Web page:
Like you, I love the vision of the project and I am most proud of each of our graduates. I am still in contact with many of them.When I listen to them and hear how they think about the challenges, how they approach problems at work and how actively they solve problems in society. They have become great designers, project managers, programmers or gamers. I say to myself “yes, this program is very important”. I really value our graduates: Their character traits and talent, but also their willingness to constantly improve.And my wow moments from Butterfly Effect are definitely those spent with mentors. I especially loved sitting in their workshops having discussions with them about the projects. These were the best times for me.

And what were the biggest challenges with project like Butterfly Effect?

Hundreds and thousands of graduates are needed to have an effect and fulfill the vision. However, this is really very difficult to achieve. I wish we, as society would change our opinion on education and perceive the value of knowledge and experience. That we will be willing to invest not only money but also time into learning the process. This is a big challenge for Butterfly Effect and similar projects but also for Slovakia.

You were an organizer of several hackathons in Slovakia. Could you briefly explain to our readers what a hackathon is and what brought you to organize them? What were the hopes for hackathons in Slovakia and what fruit did they bear?

A hackathon is an event that lasts a short period of time where several people meet to solve specific problems and challenges. Ideally, some of the organizers will provide unique data and insight from industry. 

In the past, hackathons were the exclusively the product of technological communities but today they are often used as a tool to find solutions for communities and how to deal with social problems. Hackathons are also used by corporations to look for new business opportunities for example, Sygic and Websupport organize innovation days for their employees.

Over 24 to 48 hours, individuals join teams and try to solve the challenges using rapid prototyping techniques. The results are mainly software and business concepts. This can generate an extreme number of ideas and solutions. It is very valuable for innovation of any kind.Several hackathons have been organized in Slovakia and I was part of Innovation Hack and EnergyHack.

As a woman, do you experience specific challenges in your work? 

I am 32 years old and I am studying at university again. I have had leadership positions before and now I have become a junior. I work as a junior java and cloud developer. I am challenged by people around me: 10 times a week and they ask me if I’m sure or if it’s just some temporary craze. They ask me if I don’t want to settle down to have a family; why I took this career change. But I feel good and I am happy with my decision.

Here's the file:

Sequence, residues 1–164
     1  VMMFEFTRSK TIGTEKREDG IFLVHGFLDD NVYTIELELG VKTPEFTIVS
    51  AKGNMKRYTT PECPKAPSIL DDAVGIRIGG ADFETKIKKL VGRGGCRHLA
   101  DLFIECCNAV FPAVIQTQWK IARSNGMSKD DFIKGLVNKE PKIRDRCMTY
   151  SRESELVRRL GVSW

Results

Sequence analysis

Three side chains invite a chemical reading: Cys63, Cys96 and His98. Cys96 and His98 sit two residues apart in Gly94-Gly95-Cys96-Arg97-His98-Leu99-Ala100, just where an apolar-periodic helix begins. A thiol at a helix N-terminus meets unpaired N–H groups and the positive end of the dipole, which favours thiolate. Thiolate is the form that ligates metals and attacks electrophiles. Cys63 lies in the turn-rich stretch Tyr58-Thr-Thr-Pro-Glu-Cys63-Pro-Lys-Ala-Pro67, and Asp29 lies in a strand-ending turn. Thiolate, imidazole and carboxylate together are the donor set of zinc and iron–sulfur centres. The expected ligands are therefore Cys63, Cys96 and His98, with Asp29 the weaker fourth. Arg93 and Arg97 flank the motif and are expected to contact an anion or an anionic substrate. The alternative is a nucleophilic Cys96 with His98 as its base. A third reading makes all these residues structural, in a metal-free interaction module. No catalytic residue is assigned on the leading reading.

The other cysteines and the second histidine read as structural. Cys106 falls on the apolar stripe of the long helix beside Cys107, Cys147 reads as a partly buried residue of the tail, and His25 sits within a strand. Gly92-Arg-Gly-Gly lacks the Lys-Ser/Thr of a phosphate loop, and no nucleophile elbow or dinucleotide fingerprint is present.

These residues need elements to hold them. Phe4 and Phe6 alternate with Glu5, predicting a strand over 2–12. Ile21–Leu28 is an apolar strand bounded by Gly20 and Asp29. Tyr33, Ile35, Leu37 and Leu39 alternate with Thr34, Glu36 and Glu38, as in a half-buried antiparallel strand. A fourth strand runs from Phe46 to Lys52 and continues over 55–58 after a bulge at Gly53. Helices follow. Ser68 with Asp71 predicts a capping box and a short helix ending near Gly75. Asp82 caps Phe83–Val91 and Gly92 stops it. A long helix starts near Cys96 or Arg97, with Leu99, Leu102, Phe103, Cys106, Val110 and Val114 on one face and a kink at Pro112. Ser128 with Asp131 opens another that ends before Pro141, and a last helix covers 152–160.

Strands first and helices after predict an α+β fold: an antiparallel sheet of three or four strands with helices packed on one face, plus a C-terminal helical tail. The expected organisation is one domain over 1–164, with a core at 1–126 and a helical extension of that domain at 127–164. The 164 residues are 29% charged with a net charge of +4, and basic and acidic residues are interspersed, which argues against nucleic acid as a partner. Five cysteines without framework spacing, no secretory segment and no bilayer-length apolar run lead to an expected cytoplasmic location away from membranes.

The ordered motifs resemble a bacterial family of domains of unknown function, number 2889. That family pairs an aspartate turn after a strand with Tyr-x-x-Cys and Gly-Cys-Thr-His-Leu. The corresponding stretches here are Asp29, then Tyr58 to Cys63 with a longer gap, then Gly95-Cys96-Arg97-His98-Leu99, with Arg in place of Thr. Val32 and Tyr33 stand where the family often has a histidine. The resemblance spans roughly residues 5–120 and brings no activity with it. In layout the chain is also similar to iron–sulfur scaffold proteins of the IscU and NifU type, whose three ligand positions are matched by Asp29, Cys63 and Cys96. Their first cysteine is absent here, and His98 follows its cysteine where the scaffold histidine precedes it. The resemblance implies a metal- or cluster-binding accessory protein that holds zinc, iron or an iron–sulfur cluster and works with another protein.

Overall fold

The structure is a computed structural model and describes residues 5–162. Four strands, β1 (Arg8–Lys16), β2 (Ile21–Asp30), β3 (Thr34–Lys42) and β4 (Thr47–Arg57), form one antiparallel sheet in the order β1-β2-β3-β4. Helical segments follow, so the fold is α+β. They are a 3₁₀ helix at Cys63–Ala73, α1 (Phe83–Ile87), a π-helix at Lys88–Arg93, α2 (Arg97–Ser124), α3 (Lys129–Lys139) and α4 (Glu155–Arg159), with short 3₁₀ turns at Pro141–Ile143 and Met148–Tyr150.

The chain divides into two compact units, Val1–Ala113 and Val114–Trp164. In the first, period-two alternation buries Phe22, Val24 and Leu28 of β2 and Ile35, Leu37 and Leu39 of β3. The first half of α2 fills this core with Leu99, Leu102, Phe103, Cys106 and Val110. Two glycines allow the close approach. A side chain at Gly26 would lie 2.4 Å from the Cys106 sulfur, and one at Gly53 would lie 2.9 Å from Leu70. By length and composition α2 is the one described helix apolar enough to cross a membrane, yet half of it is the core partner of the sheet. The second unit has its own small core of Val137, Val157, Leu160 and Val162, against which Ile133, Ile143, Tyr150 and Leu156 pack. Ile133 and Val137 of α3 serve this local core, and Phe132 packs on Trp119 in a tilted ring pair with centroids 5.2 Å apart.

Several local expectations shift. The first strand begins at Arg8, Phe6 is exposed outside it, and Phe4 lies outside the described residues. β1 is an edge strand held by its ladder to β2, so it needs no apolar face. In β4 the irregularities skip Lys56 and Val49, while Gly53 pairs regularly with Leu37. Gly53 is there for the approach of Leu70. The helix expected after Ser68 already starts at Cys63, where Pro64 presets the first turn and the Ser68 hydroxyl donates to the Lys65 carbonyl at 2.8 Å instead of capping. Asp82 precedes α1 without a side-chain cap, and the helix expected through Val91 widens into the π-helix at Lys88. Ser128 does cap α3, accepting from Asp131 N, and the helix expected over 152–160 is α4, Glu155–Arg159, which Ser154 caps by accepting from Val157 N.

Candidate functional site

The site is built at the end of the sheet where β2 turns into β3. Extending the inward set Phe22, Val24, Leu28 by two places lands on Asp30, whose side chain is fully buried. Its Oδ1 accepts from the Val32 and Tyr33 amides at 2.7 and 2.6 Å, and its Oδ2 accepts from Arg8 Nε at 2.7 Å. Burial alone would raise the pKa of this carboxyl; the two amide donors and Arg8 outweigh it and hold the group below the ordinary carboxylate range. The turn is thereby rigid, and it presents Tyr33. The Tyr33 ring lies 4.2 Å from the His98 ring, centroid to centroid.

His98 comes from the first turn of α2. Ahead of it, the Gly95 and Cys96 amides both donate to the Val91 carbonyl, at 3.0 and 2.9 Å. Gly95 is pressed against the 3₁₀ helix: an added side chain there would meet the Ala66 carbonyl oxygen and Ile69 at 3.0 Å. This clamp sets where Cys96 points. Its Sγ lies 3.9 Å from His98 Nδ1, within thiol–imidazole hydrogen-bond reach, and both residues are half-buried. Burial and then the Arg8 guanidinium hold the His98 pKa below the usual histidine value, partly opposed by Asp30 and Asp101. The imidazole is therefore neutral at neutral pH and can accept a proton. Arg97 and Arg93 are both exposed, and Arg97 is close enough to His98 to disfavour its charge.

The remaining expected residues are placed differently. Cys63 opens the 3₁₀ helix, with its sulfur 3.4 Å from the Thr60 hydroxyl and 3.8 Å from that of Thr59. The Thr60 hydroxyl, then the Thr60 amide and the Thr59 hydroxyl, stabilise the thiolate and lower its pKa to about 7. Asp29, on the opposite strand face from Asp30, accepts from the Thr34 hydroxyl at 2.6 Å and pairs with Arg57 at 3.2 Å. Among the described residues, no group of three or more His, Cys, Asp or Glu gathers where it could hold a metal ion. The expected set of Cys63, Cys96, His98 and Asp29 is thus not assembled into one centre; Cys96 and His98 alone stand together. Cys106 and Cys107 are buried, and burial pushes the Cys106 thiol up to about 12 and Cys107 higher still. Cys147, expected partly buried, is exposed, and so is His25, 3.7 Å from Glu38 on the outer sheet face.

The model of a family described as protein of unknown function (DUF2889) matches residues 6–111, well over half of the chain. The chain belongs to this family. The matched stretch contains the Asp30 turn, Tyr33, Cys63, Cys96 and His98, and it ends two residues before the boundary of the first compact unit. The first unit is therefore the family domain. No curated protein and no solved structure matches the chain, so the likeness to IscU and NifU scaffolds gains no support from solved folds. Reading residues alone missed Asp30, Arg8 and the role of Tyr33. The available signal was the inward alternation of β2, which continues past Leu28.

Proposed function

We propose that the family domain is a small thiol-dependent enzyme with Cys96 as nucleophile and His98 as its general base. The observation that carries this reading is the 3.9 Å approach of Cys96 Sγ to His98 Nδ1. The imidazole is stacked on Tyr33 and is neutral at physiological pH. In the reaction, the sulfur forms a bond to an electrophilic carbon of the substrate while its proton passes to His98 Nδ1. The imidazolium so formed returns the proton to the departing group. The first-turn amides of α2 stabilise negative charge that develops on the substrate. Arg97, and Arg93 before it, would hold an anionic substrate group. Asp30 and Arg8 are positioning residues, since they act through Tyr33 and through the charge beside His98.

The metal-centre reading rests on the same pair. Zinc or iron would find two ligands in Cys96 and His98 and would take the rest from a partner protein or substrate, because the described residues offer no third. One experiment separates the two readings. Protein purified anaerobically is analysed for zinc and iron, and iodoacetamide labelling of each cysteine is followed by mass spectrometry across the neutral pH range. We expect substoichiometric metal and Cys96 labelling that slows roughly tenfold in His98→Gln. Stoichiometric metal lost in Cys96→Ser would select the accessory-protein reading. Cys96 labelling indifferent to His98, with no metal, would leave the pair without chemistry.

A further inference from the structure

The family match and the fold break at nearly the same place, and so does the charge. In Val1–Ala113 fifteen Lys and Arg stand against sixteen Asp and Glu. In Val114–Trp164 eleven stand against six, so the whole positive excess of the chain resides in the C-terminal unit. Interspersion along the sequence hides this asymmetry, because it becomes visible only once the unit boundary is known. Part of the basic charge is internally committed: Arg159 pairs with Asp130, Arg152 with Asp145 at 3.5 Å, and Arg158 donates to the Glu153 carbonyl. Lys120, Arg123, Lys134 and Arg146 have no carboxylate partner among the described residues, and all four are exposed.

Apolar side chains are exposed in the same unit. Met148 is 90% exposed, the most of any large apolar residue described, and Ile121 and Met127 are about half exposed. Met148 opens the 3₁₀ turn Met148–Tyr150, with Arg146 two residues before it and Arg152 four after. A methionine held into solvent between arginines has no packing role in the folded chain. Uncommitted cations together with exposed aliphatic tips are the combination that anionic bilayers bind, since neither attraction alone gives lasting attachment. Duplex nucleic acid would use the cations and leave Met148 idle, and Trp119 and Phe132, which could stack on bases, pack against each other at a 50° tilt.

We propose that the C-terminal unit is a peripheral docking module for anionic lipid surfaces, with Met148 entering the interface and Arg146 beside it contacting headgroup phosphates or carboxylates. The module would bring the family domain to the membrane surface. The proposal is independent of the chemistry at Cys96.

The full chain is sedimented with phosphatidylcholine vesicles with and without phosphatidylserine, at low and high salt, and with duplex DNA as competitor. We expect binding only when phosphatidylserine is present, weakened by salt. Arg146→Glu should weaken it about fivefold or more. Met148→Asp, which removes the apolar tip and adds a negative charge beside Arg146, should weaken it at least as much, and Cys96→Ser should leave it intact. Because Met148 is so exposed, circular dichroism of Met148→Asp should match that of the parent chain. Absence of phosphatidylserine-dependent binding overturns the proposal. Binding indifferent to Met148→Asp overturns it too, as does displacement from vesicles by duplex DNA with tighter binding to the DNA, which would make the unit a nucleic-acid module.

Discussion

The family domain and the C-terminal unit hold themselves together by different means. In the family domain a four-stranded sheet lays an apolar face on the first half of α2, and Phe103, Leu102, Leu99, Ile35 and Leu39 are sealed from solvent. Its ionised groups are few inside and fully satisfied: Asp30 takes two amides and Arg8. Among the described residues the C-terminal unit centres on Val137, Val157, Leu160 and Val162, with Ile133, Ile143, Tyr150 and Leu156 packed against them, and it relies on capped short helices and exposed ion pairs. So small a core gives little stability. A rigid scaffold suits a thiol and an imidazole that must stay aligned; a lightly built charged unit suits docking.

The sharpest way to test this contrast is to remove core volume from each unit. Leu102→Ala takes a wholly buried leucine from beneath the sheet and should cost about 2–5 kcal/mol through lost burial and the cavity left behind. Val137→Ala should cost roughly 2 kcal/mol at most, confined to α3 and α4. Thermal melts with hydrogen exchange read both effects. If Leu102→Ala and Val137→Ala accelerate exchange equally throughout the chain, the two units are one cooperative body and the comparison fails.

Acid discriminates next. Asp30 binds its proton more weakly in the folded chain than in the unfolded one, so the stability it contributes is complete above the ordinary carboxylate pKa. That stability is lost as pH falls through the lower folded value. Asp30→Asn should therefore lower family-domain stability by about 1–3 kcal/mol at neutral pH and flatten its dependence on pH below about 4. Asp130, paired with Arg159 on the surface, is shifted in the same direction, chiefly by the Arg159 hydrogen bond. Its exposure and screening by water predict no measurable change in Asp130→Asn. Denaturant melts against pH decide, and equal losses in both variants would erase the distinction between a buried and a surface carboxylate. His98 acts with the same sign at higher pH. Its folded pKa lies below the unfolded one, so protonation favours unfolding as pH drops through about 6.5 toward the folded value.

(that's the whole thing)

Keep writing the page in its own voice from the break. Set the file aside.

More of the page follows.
Apparently, I look quite young and I get mistaken for a trainee or receptionist. Such situations always happen to me, even in business meetings as the founder of the Impact Hub or the creator of AppsLab. A few people told me that they were not expecting such a young person and a girl at an important meeting. But I don’t mind those situations. People don’t usually mean it in a bad way. There are certain social norms. People are used to meeting a certain role model and I don’t fit into this picture. And it’s ok.

When you give people the opportunity to get to know you better they usually change their point of view. And next time they will not be surprised if they find a shy girl in the lead in a top managerial meeting. They will know that a woman, a successful manager can also apply for a student programming position. Because she decided to change her career. And that is ok, too.

Do you believe that situation is getting better with more women and girls entering into IT?

Yes, I do. I believe that as women, we have never had such a wide range of educational opportunities as we do today. It has never been easier for us to get into IT and technology. I’m not saying it’s perfect but today is the best it has ever been. And we need to look forward and be grateful. I would like to thank many organizations like Aj ty v IT, Chzechitas, Rails Girls, PyLadies and similar. And also women like you who spread awareness of the possibilities.

In 2018 you were one of Slovakia’s Forbes 30 under 30. How did you feel when you found out? What was the ratio of women to men that year, do you remember?

My reaction? Honestly? I was quite surprised. I wrote to them that I really appreciated it but that I don’t know if I’m a suitable person for the award. There would certainly be better nominations. I am really surrounded by exceptional people (of all ages). I know many more active and successful adepts than myself.  In the end, I really enjoyed it because I met other great Slovak nominees at the ceremony. The representation of women was much smaller but again, I had really great company such as Vlasta Kubušová, who co-founded a studio for production of bioplastic and bioplastic fashion products; or Natalia Kiskova, who already ran the HubHub network in Slovakia and abroad. I’ve known both of them for a long time and it was great to be in the same ranks with them, I felt that I was part of a generation that is working hard to broaden horizons.

If there was one piece of advice you could give girls and women in the V4 region when it comes to pursuing their professional dreams and hopes, what would it be?

Don’t build your career. Don’t want any recognition and status. I don’t do either of these. Instead, look at it from a different perspective. I’m not building a career I’m learning the skills I need to change and create the things I want to do. In my case, this is clearly the topic of technology for good and technological innovation in Slovakia. From this, I choose jobs, what I want to learn and what skills I need to improve. With such mindset you will probably not be a traditional role model, but you will create exactly the right place for yourself. My second piece of advice: Learn to cry. It is okay to despair; it is okay to cry or give up for a while. I do it myself at least once a day. It does not help trying to always look strong and giving the impression you can handle everything. You cannot keep it up for long. All you need to do is get back on your feet quickly and carry on…